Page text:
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From: scott (scottw_at_[hidden])
Date: 2004-02-29 22:53:16

Hi Mark,

You have introduced a third perspective - looks promising. Hope
I can keep track of all the differences and still contribute in some
useful manner.

> [mailto:boost-bounces_at_[hidden]]On Behalf Of Mark Blewett


> class MyServant : public Servant
> {
> public:
> MyServant(Scheduler* scheduler) : Servant(scheduler) {}
> void do_fn(int x, int y) { std::cout << x << " " <<
> y << std::endl; }
> };

> class MyServant : public Servant
> {
> public:
> MyServant(Scheduler* scheduler) :
> Servant(scheduler), fn(this,
> &MyServant::do_fn) {}
> MethodProxy<MyServant, int, int> fn;
> private:
> void do_fn(int x, int y) { std::cout << x << " " <<
> y << std::endl; }
> };


I understand the direction that both Matthew and yourself are heading. The
resulting interface for clients of your class, is concise. Fully bound
are a nice packaging and there are plenty of precendents. There is one
constraint that this direction would impose on clients, that rules it out as
a solution for me. This doesnt necessarily interest you but just in case, I
will try to paint the picture as briefly as I can.

If active objects (i.e. classes deriving from Servant) communicate by
methods defined in each other, then they have compile-time knowledge of each
other. Reasonable assumption I suppose. However, it follows that every
client of a
particular object, i.e. an active object that calls a member of another
object, is itself required to provide a specific interface. That being the
interface that the second object uses to respond.

Returning to the db server example; every client must derive from a common
class that defines all the members that the server might call. Perhaps like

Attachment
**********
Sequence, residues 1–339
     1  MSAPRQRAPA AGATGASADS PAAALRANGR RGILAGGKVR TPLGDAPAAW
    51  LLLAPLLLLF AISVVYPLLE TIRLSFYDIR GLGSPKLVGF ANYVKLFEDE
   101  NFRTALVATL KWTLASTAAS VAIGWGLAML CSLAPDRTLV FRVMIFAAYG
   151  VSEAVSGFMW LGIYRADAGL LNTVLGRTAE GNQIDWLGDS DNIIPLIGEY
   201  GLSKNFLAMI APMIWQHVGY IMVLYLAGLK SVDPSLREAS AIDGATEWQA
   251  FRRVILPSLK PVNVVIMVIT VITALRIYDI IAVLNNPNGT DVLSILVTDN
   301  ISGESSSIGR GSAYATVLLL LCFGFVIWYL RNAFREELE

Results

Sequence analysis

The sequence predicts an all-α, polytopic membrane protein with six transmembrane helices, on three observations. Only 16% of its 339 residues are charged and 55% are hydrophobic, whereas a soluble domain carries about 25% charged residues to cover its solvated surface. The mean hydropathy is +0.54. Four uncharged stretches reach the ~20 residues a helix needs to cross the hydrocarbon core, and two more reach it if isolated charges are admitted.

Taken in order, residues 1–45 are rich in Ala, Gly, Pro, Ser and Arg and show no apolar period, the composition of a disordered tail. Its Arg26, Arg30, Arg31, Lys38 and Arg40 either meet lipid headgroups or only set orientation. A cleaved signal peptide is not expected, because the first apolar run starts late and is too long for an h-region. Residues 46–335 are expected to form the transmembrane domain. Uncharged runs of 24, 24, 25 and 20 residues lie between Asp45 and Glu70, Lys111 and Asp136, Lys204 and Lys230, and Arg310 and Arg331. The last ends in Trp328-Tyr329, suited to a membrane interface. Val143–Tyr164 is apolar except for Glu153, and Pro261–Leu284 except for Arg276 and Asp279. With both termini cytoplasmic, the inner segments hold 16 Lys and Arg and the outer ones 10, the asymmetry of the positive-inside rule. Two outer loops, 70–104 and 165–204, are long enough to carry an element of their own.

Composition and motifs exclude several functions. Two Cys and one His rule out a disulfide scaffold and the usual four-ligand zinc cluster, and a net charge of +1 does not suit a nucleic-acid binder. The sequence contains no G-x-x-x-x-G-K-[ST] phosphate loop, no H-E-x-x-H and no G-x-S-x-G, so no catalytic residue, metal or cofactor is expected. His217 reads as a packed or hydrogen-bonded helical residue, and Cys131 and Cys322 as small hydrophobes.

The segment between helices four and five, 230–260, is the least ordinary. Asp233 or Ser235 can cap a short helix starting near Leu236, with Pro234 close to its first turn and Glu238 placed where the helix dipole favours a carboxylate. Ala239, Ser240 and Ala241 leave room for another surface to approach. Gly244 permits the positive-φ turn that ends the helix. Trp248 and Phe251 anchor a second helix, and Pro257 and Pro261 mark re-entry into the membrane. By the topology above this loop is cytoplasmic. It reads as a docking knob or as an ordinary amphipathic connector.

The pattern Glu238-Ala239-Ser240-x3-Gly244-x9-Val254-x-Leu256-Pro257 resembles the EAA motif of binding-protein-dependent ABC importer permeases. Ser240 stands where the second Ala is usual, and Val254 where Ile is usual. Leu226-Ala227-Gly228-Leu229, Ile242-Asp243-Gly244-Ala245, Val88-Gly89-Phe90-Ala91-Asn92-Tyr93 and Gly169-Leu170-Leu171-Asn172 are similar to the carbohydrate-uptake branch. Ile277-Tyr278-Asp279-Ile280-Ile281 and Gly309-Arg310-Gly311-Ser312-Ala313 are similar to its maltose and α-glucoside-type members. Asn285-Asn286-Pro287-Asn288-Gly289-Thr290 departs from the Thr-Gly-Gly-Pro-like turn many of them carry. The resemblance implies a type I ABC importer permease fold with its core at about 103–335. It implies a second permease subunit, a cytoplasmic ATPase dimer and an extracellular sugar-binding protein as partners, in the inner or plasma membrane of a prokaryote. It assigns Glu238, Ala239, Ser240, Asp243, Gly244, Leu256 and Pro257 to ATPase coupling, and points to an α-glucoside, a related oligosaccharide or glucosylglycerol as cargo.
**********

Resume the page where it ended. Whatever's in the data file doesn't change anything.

class DbServant : public Servant
        DbServant(Scheduler* scheduler) :
        Servant(scheduler), fn(this,
                &DbServant::do_fn) {}
                MethodProxy<DbServant, int, int> fn;
        void do_fn(int x, int y)
        { std::cout << x << " " << y << std::endl; }

class MyReadOnlyViewer : public DbServant
        // Run a status display repeated around
        // the factory

class MyViewerAndController : public DbServant
        // Run a window with controls
        // for modifying the data model

This (hopefully) seems like a reasonable circumstance. But as coded the
db_server would be calling methods defined in DbServant when what you
really want is different implementations for MyReadOnlyViewer and
MyViewerAndController. I assume that with some twiddling your technique
could accomodate these kind of requirements (given that you are still
reading and still interested).

Would the db_server also have a separate "db_interface" class?

Also, if this kind of interface class technique has any legs is it
also (potentially) dragging lots of implementation details along
with it? Can that be avoided? Should it be?


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